This report aims at discussing the accounting principles related to cost, revenue recognition and matching principles which are presented under GAAP (Epstein, Nach, & Bragg, 2009). Apart from this, the report also includes how Dell Incorporation, a public company in the US, applies these accounting principles in the preparation and presentation of its financial statements and how recent changes in the accounting principles have affected company’s financial reporting. Moreover, a brief review of assertions related to internal controls of Dell Incorporation has also been provided in the report.
Under U.S. GAAP, accounting principles related to cost, or more specifically “historical cost”, include requirements for business entities for accounting for and reporting their assets on the basis of costs for acquiring them. In other words, cost recognition and reporting on fair market value is not allowed for majority of assets and liabilities under US GAAP. In this way, the information provided by such accounting treatment is more reliable due to its objective nature. This condition for reporting assets in the balance sheet on historical costs is also applicable even if there are major changes in the value of an asset with the passage of time. However, making use of historical cost is not appropriate in every case and therefore use of fair value is permitted in certain cases. As for instance, corporate entities are allowed to use fair values of marketable securities while reporting their values in their respective balance sheets (Epstein, Nach, & Bragg, 2009).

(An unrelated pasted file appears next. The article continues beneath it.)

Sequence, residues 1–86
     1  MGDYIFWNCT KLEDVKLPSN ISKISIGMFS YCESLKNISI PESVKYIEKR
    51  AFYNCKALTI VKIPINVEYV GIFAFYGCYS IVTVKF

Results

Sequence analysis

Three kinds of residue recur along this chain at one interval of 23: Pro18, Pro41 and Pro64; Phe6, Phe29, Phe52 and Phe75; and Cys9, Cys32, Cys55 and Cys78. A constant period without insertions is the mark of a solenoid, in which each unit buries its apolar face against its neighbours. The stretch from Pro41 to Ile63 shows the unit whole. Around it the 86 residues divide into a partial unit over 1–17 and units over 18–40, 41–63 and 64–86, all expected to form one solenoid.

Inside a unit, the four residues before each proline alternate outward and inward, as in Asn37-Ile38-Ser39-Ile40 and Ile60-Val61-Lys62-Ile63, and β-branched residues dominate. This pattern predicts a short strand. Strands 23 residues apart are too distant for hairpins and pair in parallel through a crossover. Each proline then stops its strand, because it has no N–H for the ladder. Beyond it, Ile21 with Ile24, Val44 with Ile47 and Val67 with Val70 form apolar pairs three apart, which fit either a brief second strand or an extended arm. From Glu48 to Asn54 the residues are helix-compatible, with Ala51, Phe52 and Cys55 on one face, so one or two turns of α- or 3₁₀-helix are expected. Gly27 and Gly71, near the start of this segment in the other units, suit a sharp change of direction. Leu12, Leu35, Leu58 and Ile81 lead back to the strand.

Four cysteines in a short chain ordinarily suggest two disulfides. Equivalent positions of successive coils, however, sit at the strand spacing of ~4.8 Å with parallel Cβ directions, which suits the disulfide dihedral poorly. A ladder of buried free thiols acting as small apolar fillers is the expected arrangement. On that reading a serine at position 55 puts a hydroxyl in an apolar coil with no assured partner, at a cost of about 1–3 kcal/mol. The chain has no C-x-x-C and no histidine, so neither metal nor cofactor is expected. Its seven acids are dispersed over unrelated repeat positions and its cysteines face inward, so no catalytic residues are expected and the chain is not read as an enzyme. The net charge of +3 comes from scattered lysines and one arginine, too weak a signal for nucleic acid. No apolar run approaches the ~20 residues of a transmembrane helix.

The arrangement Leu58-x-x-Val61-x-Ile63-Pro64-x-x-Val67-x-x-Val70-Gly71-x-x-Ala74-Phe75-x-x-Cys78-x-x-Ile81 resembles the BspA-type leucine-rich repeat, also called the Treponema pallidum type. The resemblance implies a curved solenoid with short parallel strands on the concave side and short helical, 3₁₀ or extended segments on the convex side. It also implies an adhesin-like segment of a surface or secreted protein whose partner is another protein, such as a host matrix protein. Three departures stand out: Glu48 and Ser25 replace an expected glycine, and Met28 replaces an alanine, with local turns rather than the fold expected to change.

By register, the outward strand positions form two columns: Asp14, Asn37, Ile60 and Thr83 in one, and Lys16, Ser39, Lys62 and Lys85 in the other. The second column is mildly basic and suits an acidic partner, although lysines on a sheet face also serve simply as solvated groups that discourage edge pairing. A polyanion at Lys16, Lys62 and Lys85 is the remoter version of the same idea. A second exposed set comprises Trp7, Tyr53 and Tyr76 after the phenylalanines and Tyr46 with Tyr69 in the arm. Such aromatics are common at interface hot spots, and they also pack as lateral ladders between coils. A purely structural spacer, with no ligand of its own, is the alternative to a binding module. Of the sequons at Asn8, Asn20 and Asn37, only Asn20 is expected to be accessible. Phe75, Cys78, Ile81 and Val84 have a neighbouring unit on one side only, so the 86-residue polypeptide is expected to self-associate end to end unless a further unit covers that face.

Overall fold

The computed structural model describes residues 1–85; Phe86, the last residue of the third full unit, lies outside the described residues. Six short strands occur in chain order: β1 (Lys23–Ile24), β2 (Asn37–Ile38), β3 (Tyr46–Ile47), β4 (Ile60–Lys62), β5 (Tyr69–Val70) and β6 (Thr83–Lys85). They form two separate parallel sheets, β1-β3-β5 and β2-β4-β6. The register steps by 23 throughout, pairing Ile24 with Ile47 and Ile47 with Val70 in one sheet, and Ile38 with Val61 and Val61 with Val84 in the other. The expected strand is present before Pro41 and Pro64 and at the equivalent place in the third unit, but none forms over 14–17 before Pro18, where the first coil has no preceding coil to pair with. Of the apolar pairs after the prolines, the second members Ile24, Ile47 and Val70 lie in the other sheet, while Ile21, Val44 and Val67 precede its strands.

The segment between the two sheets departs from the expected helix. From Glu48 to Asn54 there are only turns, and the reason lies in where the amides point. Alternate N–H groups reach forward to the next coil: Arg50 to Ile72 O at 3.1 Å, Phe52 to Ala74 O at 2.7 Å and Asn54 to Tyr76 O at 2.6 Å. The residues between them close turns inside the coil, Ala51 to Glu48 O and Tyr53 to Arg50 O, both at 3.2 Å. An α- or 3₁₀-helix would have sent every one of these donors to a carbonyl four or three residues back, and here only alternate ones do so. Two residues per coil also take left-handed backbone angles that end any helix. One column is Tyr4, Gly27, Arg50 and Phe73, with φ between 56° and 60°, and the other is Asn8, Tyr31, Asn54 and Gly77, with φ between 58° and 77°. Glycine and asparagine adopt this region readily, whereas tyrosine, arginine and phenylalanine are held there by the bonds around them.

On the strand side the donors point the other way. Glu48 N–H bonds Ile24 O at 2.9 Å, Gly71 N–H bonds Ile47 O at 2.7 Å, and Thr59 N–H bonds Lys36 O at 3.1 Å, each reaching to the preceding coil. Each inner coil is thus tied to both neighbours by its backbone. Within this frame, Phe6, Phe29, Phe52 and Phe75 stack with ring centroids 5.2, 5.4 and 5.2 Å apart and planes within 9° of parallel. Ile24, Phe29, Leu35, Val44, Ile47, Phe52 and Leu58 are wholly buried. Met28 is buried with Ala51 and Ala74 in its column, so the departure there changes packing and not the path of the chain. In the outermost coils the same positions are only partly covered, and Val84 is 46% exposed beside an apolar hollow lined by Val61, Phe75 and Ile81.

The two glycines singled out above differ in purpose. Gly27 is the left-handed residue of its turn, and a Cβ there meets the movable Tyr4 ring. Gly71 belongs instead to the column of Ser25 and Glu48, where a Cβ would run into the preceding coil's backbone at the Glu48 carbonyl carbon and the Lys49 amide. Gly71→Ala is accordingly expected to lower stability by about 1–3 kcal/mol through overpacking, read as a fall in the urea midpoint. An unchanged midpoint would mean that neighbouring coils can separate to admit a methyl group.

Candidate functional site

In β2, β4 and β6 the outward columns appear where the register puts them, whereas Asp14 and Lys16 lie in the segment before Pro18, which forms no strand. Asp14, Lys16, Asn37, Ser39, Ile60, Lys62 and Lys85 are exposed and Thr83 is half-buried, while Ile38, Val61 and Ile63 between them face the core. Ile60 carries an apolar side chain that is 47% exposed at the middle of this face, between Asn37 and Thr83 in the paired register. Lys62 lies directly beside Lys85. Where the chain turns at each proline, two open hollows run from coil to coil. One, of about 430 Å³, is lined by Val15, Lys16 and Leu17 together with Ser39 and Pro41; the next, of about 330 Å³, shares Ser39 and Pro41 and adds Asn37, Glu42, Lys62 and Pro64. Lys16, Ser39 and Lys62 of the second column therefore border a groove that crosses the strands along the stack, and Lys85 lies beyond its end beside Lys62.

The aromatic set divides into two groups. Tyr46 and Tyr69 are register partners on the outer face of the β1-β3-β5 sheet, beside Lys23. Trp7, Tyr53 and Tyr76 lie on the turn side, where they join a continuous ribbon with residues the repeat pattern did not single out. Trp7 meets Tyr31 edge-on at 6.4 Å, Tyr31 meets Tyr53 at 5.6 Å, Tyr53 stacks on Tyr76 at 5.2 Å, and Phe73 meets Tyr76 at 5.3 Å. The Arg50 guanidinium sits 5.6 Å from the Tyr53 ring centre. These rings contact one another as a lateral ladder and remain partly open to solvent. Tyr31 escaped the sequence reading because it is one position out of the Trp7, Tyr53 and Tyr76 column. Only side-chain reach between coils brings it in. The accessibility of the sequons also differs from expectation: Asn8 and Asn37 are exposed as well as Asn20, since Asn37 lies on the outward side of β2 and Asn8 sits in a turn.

Revenue recognition is an accounting principle, which determines the requirements which are to be fulfilled before any amount in lieu of revenue can be recognized by a business concern (Epstein, Nach, & Bragg, 2009). As far as revenue recognition under U.S. GAAP is concerned, corporate entities are required to recognize revenues